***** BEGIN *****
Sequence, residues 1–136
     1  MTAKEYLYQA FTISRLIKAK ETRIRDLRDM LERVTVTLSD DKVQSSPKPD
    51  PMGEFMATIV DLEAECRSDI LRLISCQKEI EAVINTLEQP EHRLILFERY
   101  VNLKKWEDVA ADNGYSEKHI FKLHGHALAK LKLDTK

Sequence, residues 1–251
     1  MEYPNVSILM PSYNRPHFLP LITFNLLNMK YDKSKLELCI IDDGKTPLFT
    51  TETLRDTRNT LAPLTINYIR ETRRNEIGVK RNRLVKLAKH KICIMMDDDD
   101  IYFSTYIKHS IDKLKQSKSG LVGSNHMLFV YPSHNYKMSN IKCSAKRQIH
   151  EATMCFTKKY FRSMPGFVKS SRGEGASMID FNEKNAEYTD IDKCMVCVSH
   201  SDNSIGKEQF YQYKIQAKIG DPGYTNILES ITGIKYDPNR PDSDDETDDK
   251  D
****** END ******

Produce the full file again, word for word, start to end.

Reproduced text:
Sequence, residues 1–136
     1  MTAKEYLYQA FTISRLIKAK ETRIRDLRDM LERVTVTLSD DKVQSSPKPD
    51  PMGEFMATIV DLEAECRSDI LRLISCQKEI EAVINTLEQP EHRLILFERY
   101  VNLKKWEDVA ADNGYSEKHI FKLHGHALAK LKLDTK

Sequence, residues 1–251
     1  MEYPNVSILM PSYNRPHFLP LITFNLLNMK YDKSKLELCI IDDGKTPLFT
    51  TETLRDTRNT LAPLTINYIR ETRRNEIGVK RNRLVKLAKH KICIMMDDDD
   101  IYFSTYIKHS IDKLKQSKSG LVGSNHMLFV YPSHNYKMSN IKCSAKRQIH
   151  EATMCFTKKY FRSMPGFVKS SRGEGASMID FNEKNAEYTD IDKCMVCVSH
   201  SDNSIGKEQF YQYKIQAKIG DPGYTNILES ITGIKYDPNR PDSDDETDDK
   251  D